Press Release

Overcoming shame in teaching sexuality education is imperative

20 September 2019
Young people passionately debate on 'Who plays a bigger role in delivering Comprehensive Sexuality Education - Parents or Teachers?'

COLOMBO, Sri Lanka (20 September 2019): During adolescence, many young people approach adulthood faced with conflicting, negative and confusing messages about sexuality and reproductive health and rights. This is exacerbated by embarrassment and silence from adults, particularly parents and teachers. As a result, youth lack the skills and knowledge to make informed life-changing decisions about their bodies, and suffer the consequences of poorly informed choices. This is why Comprehensive Sexuality Education (CSE) is so important – a curriculum-based process of teaching and learning about the cognitive, emotional, physical and social aspects of sexuality as well as principles such as gender equality and human rights.

The United Nations Population Fund (UNFPA) hosted its 6th Generation-to-Generation dialogue on the topic 'Delivering Comprehensive Sexuality Education - Whose Role Is It?’, in partnership with the Ministry of Education. The event included a debate by young people on the role of teachers and parents in delivering CSE. This served as an active reminder that both teachers and parents share equal responsibility, and that without the support of either, young people are not able to obtain accurate information relating to their sexual and reproductive health and rights at a critical age. 

In her welcome remarks, UNFPA Representative in Sri Lanka, Ms. Ritsu Nacken, said, “The 1994 International Conference on Population and Development (ICPD) Programme of Action explicitly calls on governments to provide education on sexuality in order to promote the well-being of adolescents. Yet, in Sri Lanka nearly 50% of young people are unaware about basic sexual and reproductive issues, where only 35% of girls are aware that using a condom may prevent pregnancy. Teachers and parents must not shy away from providing accurate life-changing information to young people. Global research shows that CSE does not trigger an early onset of sexual activities; it actually does the opposite.”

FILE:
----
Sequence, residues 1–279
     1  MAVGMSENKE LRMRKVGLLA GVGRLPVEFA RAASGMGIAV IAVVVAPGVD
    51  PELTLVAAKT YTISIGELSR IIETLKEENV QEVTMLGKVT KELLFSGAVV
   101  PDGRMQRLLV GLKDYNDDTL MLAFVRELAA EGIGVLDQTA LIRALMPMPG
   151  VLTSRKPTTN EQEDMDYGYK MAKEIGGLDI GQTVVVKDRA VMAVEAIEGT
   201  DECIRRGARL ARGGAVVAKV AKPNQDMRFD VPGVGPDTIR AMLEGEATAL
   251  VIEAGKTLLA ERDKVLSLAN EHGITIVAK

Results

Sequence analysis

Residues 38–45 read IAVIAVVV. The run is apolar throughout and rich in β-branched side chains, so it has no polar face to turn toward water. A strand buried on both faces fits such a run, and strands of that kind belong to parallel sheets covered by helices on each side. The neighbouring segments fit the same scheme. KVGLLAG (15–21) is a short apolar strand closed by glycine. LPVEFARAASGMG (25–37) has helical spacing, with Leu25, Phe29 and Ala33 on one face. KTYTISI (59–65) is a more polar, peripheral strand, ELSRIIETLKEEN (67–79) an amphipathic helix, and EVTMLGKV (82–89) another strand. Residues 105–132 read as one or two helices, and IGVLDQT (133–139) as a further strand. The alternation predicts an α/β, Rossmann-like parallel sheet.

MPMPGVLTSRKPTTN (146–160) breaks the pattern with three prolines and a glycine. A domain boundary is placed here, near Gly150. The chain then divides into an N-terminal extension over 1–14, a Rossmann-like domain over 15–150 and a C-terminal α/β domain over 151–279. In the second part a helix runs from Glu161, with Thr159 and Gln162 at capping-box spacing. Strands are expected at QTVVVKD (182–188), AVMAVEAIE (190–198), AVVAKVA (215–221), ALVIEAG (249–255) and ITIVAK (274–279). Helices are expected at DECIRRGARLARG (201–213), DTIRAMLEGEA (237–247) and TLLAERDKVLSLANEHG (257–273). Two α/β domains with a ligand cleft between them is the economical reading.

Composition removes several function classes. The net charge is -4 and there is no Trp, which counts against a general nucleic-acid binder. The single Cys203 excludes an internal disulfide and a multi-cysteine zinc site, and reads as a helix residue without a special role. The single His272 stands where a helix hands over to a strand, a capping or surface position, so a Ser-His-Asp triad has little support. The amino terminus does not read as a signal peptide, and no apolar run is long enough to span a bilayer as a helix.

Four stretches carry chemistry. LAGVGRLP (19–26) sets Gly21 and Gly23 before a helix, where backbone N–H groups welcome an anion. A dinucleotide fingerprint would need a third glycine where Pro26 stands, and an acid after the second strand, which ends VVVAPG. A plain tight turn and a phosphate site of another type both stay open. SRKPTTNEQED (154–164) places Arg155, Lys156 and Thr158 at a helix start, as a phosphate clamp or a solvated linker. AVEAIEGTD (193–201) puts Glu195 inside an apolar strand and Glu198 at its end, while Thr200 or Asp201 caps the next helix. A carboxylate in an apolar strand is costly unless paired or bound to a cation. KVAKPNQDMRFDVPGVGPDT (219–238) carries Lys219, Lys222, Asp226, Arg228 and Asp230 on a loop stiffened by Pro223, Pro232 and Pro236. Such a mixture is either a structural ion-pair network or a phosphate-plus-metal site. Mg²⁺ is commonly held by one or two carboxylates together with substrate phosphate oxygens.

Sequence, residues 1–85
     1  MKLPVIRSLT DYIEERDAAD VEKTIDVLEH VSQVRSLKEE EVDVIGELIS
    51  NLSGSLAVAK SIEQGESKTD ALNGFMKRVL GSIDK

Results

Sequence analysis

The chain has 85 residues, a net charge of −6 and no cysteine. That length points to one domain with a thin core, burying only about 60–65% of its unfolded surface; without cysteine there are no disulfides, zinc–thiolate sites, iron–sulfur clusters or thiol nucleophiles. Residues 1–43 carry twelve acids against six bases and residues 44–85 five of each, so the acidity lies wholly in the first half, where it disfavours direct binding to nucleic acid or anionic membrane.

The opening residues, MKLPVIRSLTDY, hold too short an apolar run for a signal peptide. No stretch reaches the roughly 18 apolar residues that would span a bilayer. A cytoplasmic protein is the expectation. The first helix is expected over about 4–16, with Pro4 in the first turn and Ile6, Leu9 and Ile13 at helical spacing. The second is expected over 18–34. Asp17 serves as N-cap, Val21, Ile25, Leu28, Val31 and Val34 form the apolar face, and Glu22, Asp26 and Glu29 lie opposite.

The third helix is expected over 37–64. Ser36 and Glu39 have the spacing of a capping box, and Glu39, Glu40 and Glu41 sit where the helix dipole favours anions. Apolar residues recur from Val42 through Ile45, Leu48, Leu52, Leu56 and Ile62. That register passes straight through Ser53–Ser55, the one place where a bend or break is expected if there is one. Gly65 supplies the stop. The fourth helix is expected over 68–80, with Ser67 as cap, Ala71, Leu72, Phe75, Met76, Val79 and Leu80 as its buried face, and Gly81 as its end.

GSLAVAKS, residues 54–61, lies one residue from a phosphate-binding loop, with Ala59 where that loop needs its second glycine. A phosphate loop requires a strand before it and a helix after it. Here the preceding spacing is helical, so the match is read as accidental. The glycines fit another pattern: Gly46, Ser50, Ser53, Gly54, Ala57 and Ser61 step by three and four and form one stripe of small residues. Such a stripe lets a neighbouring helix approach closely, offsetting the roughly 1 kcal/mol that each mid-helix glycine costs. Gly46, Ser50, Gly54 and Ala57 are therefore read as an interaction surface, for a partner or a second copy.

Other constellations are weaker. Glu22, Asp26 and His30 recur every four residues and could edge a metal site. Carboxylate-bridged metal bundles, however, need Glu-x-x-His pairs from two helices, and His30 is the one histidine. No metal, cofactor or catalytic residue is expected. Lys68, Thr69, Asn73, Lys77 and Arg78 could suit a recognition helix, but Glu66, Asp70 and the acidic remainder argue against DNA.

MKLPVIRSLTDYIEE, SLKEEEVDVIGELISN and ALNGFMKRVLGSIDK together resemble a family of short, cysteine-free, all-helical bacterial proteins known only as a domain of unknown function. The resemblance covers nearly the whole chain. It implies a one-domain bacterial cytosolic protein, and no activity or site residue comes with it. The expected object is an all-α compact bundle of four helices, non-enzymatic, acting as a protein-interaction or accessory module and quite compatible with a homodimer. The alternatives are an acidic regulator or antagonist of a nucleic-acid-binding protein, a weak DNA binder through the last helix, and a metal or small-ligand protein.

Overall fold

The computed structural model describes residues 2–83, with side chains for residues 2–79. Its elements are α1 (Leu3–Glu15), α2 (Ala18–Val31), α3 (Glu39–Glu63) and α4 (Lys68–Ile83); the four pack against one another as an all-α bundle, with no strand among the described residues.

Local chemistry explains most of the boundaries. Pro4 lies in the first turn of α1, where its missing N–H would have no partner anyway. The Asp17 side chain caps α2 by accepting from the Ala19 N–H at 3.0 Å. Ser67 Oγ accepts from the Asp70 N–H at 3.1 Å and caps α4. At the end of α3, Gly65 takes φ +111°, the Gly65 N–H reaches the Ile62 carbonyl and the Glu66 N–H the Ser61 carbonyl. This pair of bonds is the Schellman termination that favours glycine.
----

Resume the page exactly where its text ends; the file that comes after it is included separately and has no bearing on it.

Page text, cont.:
To understand the current context of delivering sexuality education in Sri Lanka, the Ministry of Education, with support from UNFPA, commissioned an island-wide study on the 'Analysis, of Knowledge and Attitudes of School Children's Sexual and Reproductive Health Education’. Nearly 300 schools were included in the study, with over 4,400 respondents of students, principals, teachers, and parents. The study was conducted by Prof. K Karunatilaka, Senior Professor of Sociology (Chair), University of Kelaniya. 

Presenting the findings of the study, Prof. Karunatilaka said, “Many teachers refused to respond to questions relating to sexual and reproductive health information being part of the school curriculum. The low response-rate from teachers also provided valid input into the study on the stigmatization of this important topic. Findings also revealed that 50% of teachers had not participated in any sexual and reproductive health training programmes, yet nearly 90% said they need to develop the skills and ability to teach sexuality education without shame.”

Based on the study by Prof. Karunatilaka and other available data, UNFPA developed a policy brief providing policy-level recommendations with the aim of strengthening delivery of age-appropriate comprehensive sexuality education in Sri Lanka, in line with international guidelines. The policy brief was also launched at the event, followed by an inter-generational dialogue, which comprised of an international expert, a teacher, parent, student, principal, medical officer, and was moderated by UNFPA Assistant Representative, Ms. Madu Dissanayake. 


As the international expert in the panel, Ms Sivanthani Thanenthiran, Executive Director, Asian-Pacific Resource and Research Centre for Women (ARROW), Malaysia, stated “The right of access to comprehensive sexuality education is grounded in fundamental human rights. It is a means to empower young people to protect their health, well-being and dignity. We must make an active effort to ensure every young person receives this life-saving education from all avenues, may it be at school, at home, or from society at large.

Since 2015, UNFPA has facilitated inter-generational dialogues on pertinent issues to collectively voice and hear the opinions of three generations, with the aim of contributing towards policy-level change. The discussions are based on data to drive evidence-based policy-making, contributing towards achieving the Sustainable Development Goals.